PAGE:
Posted in camino de santiago, Christian living, the way, Uncategorized, walking

Camino – How to Get There

In my previous blog I spoke on how to prepare to walk the Camino. In this blog I would like to share on how we actually got there.

As I have said it was a process of preparation over a 2 year process. Losing weight, gaining better health, studying, reading, and of course training by walking regularly were all a part of that process.

I checked on many sites to see what the cost would most likely be to walk the Camino as well as cost of food and accommodation.  We were living back in Australia at the time so an airfare to Europe was a great cost.

  1. So the first thing to consider is when will you undertake walking the Way?

As we don’t like crowds, we decided that either spring or autumn would be our preference to walk. Due to time constraints we settled on autumn. I am an autumn girl and love the colours of fall so this was really great for me.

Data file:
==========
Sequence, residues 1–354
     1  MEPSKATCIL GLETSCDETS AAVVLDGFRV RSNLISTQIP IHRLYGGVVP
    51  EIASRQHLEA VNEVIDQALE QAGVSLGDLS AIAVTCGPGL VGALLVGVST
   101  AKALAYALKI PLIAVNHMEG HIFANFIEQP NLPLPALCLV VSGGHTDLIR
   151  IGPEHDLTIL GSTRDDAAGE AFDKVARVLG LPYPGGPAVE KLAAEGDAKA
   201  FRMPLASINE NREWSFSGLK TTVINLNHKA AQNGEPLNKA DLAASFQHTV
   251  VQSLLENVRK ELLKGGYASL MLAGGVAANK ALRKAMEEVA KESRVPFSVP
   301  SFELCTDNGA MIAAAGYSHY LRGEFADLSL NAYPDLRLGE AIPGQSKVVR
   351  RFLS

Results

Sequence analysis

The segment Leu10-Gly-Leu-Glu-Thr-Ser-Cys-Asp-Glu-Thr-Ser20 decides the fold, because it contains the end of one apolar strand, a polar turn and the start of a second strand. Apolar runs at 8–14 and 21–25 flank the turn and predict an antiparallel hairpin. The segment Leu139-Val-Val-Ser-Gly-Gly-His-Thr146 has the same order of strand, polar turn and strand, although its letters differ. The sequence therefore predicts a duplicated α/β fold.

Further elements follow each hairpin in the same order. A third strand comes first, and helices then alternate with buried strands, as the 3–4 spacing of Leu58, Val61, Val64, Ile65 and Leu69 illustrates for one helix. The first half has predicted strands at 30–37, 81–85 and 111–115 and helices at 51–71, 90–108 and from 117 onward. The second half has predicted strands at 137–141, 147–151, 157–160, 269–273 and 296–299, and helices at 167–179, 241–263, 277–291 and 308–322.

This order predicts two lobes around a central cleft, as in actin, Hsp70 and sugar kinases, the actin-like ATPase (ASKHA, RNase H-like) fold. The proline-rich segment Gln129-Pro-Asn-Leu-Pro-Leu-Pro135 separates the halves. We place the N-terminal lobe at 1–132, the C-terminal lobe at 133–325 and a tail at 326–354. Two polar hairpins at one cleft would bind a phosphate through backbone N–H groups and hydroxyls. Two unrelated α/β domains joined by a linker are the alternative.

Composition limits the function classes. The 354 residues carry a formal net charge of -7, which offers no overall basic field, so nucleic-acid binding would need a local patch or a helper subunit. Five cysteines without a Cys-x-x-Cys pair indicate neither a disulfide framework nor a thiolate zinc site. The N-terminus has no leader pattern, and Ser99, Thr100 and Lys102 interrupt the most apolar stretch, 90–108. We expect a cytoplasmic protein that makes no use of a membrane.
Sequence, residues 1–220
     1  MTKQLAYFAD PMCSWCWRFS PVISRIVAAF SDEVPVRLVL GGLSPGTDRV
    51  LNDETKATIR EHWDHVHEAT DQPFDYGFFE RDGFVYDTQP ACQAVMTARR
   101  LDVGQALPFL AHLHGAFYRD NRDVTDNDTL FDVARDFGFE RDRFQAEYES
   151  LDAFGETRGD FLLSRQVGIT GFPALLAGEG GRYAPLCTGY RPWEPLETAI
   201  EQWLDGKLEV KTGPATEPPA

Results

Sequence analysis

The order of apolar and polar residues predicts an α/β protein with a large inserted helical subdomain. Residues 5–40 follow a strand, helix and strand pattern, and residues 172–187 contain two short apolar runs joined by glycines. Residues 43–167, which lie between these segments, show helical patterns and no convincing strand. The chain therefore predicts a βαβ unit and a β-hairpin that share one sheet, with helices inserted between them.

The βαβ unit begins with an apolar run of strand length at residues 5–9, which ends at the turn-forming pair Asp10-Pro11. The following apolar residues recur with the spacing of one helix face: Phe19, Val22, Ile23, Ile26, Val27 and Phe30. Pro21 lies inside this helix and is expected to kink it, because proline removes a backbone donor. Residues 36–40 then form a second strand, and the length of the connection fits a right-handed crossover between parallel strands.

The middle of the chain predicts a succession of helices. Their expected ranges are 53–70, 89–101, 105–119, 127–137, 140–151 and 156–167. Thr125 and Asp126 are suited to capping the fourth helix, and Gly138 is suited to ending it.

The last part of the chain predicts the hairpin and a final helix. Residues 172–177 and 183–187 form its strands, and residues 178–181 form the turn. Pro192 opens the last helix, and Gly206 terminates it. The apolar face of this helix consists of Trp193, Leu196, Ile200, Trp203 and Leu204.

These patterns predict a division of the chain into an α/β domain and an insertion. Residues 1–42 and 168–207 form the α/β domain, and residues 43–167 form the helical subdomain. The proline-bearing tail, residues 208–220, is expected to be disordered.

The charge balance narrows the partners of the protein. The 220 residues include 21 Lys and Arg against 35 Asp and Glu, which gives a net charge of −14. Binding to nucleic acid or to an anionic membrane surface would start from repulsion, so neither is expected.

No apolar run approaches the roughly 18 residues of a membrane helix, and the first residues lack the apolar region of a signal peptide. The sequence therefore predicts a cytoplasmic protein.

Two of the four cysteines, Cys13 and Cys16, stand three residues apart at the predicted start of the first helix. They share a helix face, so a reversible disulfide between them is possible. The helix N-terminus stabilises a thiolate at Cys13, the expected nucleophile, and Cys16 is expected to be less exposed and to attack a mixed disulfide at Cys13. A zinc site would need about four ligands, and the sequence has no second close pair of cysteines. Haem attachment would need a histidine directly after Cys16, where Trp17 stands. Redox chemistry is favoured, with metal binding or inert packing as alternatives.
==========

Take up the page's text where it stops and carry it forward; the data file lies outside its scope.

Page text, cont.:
Weather in Northwest Spain in October is usually warm but not hot, we found this to be so with some cooler days and nights. Generally it was pleasant. You can expect some rain (unless you travel with Paul – more on that later).   Galacia is Spain’s wettest region and on average,  rains 18 days out of 31 in October.  Santiago de Compostela averages between 64 degrees and average lows 55 degrees.

We found these temperatures to be pretty accurate with some fog in certain areas. Some times there were light showers as we headed out in the morning but by mid morning it would fine up to become sunny. Paul had a special anointing and was spoiled with the weather. He prayed because he hates wet feet and started believing for fine weather. Almost immediately the sun came out and stayed for nearly 3 weeks! We really only had a few days of heavier, uncomfortable rainfalls early on – hence the prayers. This is not normal, particularly in Galacia! So be prepared with wet gear and good weatherproof shoes!